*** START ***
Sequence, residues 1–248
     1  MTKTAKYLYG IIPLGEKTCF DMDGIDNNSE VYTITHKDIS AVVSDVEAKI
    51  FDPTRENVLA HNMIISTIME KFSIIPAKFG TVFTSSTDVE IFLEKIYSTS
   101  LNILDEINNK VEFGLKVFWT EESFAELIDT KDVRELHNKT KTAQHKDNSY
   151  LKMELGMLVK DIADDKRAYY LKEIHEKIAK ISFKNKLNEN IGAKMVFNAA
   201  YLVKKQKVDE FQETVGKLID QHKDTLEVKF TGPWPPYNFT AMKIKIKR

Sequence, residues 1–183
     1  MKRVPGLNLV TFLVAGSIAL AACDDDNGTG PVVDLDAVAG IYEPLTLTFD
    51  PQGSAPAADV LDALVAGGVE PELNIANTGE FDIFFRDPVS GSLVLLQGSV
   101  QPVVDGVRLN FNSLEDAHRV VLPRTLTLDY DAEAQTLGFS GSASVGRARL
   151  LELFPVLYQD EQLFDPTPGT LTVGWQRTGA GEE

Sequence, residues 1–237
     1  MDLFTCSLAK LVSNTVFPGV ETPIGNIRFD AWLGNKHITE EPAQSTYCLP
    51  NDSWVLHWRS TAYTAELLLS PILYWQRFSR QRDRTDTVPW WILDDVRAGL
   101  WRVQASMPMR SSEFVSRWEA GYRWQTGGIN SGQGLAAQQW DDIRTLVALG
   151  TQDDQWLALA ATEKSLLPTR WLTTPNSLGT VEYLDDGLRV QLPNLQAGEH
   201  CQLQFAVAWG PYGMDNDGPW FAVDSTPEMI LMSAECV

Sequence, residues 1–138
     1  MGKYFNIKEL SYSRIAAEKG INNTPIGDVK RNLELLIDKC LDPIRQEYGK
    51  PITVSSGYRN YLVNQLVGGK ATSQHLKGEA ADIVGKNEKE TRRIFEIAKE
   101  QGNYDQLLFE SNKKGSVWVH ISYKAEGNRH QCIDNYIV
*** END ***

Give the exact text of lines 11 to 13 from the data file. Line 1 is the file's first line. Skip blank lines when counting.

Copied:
   151  LELFPVLYQD EQLFDPTPGT LTVGWQRTGA GEE

Sequence, residues 1–237
     1  MDLFTCSLAK LVSNTVFPGV ETPIGNIRFD AWLGNKHITE EPAQSTYCLP